Stay consistent!

Some time goes by until your dog has learnt a command and abides by it. Even the best exercises from dog school will be forgotten at some point if you are inconsistent or simply negligent at home. Orders and commands have to be practised at all times in all sorts of possible locations. If all motivational incentives like treats, toys or strokes suddenly stop, your dog will ask itself at some point why it should obey you. Owners often expect that dogs who have learnt how to react to certain commands at a dog school should retain this knowledge for the rest of their life. This is not the case! The condition for this is you being consistent outside of classes, sticking to your chosen commands and continuing to praise your dog for good behaviour.

Can obedience be trained?

Despite all the difficulties that a disobedient dog can cause, the good news is that every dog can learn how to obey. Of course, the ideal scenario is dogs already learning the most important basic commands as puppies. It's undoubtedly easier to teach a young dog the right behaviour than an adult dog that has already got used to some bad habits. In addition, there are differences between breeds. Training an Afghan hound, bloodhound or wolfhound known for a certain obstinacy definitely requires more expertise and patience than for a Labrador or Golden Retriever. Nevertheless, supposedly difficult-to-train dogs can also get back on the right track.

Should my dog attend a dog school?

There are many training methods to learn basic commands that make human-canine cohabitation somewhat easier – it depends on your dog which is the right one. Just like us humans, dogs are individuals that react to different stimuli. In any case, attending a dog school is advisable. Experienced dog trainers will closely observe your dog and soon determine what methods will be quickest in leading to success. Your dog practises the required commands and you will also learn how you need to behave in order to make your voice heard.

disobedience dog school

What obedience training options are out there?

In the end, your dog's obedience depends on its inner drive – it needs to consider obedience worthwhile. In order to achieve this, obedience training should primarily be fun for your dog. Dogs learn much quicker and more reliably with fun and positive reinforcement than with excessive severity or a “heavy hand”. In short, if dogs are rewarded when they correctly carry out the commands “sit”, “stay” and “heel”, they will continue to show this behaviour. There are many types of reward: this could be treats, a beloved toy or even a loving stroke or tender words. Depending on the situation, small freedoms could also make appropriate rewards, such as letting your dog off its lead after it has stayed dutifully or letting it play with other dogs when it has walked to heel or waited calmly until you allow this. It's important that your dog genuinely links the reward with the desired behaviour.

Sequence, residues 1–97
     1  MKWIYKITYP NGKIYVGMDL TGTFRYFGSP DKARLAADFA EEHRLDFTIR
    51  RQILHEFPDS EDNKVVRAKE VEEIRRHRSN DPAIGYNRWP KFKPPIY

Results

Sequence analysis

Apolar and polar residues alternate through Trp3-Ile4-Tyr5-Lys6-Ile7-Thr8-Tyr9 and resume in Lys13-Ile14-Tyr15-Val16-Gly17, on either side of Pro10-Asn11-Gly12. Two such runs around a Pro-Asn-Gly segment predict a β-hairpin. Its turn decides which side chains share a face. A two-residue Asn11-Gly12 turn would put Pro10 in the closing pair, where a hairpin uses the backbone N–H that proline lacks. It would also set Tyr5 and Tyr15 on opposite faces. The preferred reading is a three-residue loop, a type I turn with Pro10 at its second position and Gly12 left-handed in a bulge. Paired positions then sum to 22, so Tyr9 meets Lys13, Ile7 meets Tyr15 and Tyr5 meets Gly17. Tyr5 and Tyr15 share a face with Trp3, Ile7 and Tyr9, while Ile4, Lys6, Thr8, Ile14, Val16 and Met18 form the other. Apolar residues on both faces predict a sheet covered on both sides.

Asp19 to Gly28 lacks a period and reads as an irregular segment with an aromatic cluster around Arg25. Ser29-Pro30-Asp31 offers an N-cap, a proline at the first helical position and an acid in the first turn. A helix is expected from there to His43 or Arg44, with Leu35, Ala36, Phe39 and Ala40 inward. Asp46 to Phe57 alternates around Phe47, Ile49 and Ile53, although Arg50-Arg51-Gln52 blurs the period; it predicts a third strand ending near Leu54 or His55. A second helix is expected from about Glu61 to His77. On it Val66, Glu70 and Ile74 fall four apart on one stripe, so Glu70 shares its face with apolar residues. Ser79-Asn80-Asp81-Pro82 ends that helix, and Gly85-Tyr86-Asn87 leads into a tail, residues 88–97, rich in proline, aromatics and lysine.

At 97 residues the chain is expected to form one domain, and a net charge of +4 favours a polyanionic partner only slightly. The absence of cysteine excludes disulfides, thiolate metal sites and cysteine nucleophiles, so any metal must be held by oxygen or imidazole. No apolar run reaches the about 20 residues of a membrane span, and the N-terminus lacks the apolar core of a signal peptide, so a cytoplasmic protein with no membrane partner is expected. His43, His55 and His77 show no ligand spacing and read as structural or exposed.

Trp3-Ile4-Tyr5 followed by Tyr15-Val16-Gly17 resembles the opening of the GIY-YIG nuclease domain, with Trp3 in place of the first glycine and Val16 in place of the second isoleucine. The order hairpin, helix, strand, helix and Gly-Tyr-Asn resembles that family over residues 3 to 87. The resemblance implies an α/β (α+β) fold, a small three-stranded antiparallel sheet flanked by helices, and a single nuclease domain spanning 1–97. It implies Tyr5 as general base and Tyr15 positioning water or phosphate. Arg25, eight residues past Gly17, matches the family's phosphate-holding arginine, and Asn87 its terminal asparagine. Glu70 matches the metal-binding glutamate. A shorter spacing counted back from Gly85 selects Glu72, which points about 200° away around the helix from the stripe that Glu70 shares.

When should your dog be on its lead?

Along with mastering basic commands, obedient dogs naturally also walk well on a lead. You should decide the direction, not your dog! Show your dog that walks on its lead can also be fun by teaching it a few diverse exercises on its lead in a large field. Slalom runs, sprints, abrupt stops, going backwards or quickly changing direction will definitely be fun for your dog and make it follow you attentively. The lead should always be held loosely and isn't intended to “violently” pull your dog in a certain direction. In order for your dog to learn that it should remain obediently by your side despite external stimuli and temptations, it's worth placing a toy or food a short distance away. If your dog pulls on the lead and wants to pounce, move further away without saying a word, thereby creating greater distance from the yearned-for object. Only when your dog manages to stay calm and reach its destination on a loose lead will it receive the object of its desires.

Success depends on you

Try out which training methods are best suited to you and your dog. A dog trainer will show you lots more tips and tricks to improve your dog's obedience. It's never too late to teach your dog obedience. Success depends on you – your patience, consistency and not least the time you can dedicate to your dog and training.

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Disobedience in dogs

When dogs don't want to obey, this is both stressful and from time to time rather dangerous. Stopping an instinct-driven dog that ignores its owner's commands can be a challenge. But why do some dogs refuse to be obedient? How can you avoid errors in training and how can you teach your dog to be obedient?